Congress has the NFL in its crosshairs

NFL Commissioner Roger Goodell speaks at a news conference to address domestic violence issues and the NFL's Personal Conduct Policy in New York, September 19, 2014.

REUTERS/Mike Segar

All summer long, Congress' frustration grew over the NFL's refusal to consider changing the name of the Washington Redskins football team to something less offensive to Native American populations. Then came a series of domestic violence and child abuse allegations against various players followed by the highly-criticized response, or lack thereof, by the league.

Now, several senators stand poised to revoke or alter the league's special antitrust exemption and not-for-profit status in order to prompt what they see as much-needed changes.

"It's open season on the NFL right now and it should be," said Gregg Easterbrook, the author of the forthcoming book, "The King of Sports," which examines the impact of football on America.

The reason American politicians can have such an impact on the issue comes from two 1960s laws passed by Congress exempting the NFL from certain antitrust regulations and allowing the league to act as a monopoly when it comes to negotiating broadcasting rights. When the second law was being passed, lobbyists added "professional football leagues" to a list of not-for-profit groups in the Internal Revenue Code. The league (though not individual teams) has saved millions in tax obligations, Easterbrook told CBS News.

Members of Congress from both parties now view this special treatment as a way to change the culture of the NFL, whether that's through changing the Redskins' name or forcing the implementation of harsher penalties for players who commit violent crimes.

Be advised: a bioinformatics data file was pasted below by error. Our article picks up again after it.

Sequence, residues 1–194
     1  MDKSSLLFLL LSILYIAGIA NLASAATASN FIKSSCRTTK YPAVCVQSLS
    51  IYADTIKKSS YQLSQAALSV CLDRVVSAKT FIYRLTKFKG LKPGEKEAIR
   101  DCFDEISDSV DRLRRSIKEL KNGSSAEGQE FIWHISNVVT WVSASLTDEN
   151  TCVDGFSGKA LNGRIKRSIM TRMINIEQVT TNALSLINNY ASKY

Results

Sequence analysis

"Not only do we have control, we have a very serious obligation to avoid becoming complicit in NFL failures," Sen. Richard Blumenthal, D-Connecticut, told CBS News. "Our granting this very special exemption and other benefits to the NFL is in some ways a form of approval or condoning policies that have been abjectly inadequate."

Blumenthal is planning to introduce a bill later this year that would revoke the permanent status of the antitrust exception and instead make it renewable every five years. A commission comprised of members of the sports world and other industries would create benchmarks and metrics for success in areas including health care, domestic violence and drug abuse that the league would have to meet in order to get the status renewed.

He says that without the antitrust exemption in place, the league "would be nowhere near as lucrative as it is because it couldn't negotiate broadcast rights and other kinds of benefits in the same way."

Since Congress has left town until after November's midterm elections, Blumenthal said the measure likely wouldn't be considered until a new Congress is sworn in next year. He told CBS News that his office is already in talks with the NFL about the proposal.

Asked why he wouldn't just take away the antitrust status, Blumenthal said he believes that offering incentives "will have better results in the long run than simply removing the carrot completely."